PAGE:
Targu Trotus is mentioned as a town in 1466 in a note on a copy of the Bible written here. In the 16th century the flourishing situation of this town is also owed to the intense extraction of salt, a product which brought significant incomes to the ruler. There are important data for the 16th and 17th centuries about Targu Trotus and the buildings here, reported in documents and memories of some foreign travellers who visited the town.

Next to other centres of Moldavia, Bacau and Targu Trotus have played an important role in the development of the links with the other two Romanian countries — Wallachia and Transylvania—, as well as with the neighbour country Poland. The commercial relationships between Moldavia and Poland have favoured the cultural links between the two countries too.

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A particular importance for the county’s economy have had the salterns of Targu Ocna, exploited the long of the Middle Ages, next to the oil, exploitations commenced at the beginning of the 17th century.

In 1599 Mihai Viteazul understands the necessity of a vigorous action in order to save Wallachia’s independence and bring the other two Romanian countries — Moldavia and Transylvania — in the anti-Ottoman coalition. After, on November 1st 1599, he brought Transylvania under his authority, by uniting it with Wallachia, Mihai Viteazul stepped in through a military campaign in Moldavia too, where the Moldavian troops joined him. On May 8/18, 1600 he conquers Bacau, whose inhabitants welcome him enthusiastically. Suceava, the citadels of Tighina, Cetatea Alba, Chilia a.s.o. follow, as Moldavia is taken into possession within three weeks. Although of a short period of time, this has been the first attempt to politically unifying the three Romanian countries.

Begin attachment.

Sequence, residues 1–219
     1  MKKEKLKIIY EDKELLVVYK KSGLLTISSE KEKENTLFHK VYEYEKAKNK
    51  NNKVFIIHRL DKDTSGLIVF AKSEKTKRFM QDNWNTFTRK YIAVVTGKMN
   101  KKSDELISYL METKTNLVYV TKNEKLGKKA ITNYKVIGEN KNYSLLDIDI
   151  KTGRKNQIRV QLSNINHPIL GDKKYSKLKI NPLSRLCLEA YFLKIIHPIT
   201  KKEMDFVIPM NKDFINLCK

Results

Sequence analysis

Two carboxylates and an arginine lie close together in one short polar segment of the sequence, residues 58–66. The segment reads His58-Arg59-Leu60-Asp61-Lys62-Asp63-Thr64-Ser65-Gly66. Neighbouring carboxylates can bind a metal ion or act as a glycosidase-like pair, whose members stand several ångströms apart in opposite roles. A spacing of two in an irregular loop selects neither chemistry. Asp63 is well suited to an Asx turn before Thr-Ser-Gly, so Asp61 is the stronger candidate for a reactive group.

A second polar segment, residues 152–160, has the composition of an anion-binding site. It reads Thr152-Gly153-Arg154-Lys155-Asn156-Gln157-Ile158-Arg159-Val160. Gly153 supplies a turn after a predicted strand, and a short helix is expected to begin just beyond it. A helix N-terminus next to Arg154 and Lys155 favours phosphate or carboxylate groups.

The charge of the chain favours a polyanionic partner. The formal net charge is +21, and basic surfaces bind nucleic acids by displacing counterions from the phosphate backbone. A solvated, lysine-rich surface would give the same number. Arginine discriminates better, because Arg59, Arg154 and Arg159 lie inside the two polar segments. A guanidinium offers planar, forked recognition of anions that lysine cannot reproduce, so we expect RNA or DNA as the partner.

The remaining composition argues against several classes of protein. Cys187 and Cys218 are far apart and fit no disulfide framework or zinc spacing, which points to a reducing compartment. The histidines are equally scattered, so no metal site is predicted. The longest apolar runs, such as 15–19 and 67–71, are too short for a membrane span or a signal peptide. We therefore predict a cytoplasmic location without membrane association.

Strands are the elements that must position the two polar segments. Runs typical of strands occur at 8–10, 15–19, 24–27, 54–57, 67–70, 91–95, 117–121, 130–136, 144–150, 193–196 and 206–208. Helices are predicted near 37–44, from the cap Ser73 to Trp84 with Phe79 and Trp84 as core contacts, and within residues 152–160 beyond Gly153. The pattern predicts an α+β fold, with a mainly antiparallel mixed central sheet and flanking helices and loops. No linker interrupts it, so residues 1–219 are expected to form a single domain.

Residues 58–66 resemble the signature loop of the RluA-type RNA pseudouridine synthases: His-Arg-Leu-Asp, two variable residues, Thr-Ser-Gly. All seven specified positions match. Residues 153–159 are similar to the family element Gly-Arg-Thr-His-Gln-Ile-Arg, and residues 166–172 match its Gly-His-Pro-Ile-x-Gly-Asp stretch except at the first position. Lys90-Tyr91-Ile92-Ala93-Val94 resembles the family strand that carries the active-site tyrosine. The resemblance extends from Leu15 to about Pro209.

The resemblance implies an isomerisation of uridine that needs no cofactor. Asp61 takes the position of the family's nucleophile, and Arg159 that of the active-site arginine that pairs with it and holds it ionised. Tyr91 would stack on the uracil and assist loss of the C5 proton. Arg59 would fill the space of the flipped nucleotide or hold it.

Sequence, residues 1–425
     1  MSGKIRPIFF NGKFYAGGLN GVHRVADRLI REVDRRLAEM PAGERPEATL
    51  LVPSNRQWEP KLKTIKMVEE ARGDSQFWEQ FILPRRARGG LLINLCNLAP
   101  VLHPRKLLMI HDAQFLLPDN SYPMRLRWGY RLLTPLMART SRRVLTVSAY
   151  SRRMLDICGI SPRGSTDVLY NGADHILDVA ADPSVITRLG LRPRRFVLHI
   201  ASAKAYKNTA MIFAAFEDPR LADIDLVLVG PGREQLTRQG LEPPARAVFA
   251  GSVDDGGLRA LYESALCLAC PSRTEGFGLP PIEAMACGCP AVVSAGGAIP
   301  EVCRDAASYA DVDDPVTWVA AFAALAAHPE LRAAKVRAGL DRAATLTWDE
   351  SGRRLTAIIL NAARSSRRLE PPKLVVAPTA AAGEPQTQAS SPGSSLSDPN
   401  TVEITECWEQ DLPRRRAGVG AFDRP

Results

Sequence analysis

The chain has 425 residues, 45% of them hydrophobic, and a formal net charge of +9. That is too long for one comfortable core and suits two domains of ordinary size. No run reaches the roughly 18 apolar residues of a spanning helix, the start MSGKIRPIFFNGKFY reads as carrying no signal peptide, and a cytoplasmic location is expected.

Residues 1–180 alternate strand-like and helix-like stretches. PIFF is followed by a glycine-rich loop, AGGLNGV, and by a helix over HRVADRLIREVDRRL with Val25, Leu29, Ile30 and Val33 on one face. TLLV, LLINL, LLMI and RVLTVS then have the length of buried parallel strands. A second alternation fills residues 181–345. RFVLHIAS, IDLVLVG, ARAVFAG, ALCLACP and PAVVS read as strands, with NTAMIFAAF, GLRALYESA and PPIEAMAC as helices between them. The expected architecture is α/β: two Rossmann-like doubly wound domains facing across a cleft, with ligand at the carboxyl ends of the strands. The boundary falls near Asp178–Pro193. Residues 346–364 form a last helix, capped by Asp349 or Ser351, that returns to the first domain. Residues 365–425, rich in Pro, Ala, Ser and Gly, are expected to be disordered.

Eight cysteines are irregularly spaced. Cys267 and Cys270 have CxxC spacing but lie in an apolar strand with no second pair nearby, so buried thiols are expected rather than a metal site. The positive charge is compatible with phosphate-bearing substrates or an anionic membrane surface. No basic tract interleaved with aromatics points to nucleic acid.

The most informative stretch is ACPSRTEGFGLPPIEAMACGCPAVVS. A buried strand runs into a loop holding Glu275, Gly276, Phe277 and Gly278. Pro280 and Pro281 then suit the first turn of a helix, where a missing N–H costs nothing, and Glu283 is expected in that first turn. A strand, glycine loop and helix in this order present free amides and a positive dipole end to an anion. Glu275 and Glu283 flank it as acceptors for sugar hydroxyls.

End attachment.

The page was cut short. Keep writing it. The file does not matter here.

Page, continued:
The Bacau County’s inhabitants participated in the 1848 Revolution, after which they expressed their adherence to completing the Union of Principalities within several meetings and debates. Following the elections staged, the land of Bacau has had as representatives in the ad-hoc Divan the following: Vasile Alecsandri, Costache Rosetti-Tescanu, Petrache Braescu, Dimitrie Cracti and peasant Ion Ababei from Valea lui Ion locality.

Approximately 1,600 military from the Bacau County participated in the Independence War (1877-1878), out of whom 312 lost their lives in the battles of Grivita, Plevna, Rahova, Smardan, etc. Of the fallen in the line of duty we remind Major Constantin Ene and soldier Lupu Andrei (1st Romanian troop fallen in the battles South of Danube).

Since the beginning of the 19th century, given the special interest for the soil and subsoil exploitations, the County of Bacau became one of the most important industrial areas of Moldavia (at the end of 1895 some 126 enterprises were operational). There were oil exploitations (at Moinesti, Lucacesti, Solont, Zemes, a.s.o.), coal (at Comanesti and its vicinity), salt (at Targu Ocna), the county also having a rich forest fund.

The first gas plant started activity at Solont in 1858, in Bacau was erected in 1881 the first paper plant, Letea, at Buhusi — a cloth factory (1885), at Sascut — a sugar factory (1875). Reputed was the Filderman footwear and leather plant.

The Uprising of 1907 has included the Bacau County too, reaching its peak in the Valea lui Ion, Blagesti, Buhusi, Fantanele, Bistrita localities, etc.

During WWI, on the Bacau County’s territory heavy fighting took place at Oituz, Casin, Targu Ocna, Grozesti, Ciresoaia, Darmanesti, Palanca, where the Romanian Army faced the Austro-Hungarian and German armies.

The monuments of the heroes fallen in 1877 were erected at Moinesti and Tg. Ocna, while at Comanesti and Oituz monuments in honour of the WWI heroes were raised.AGERPRES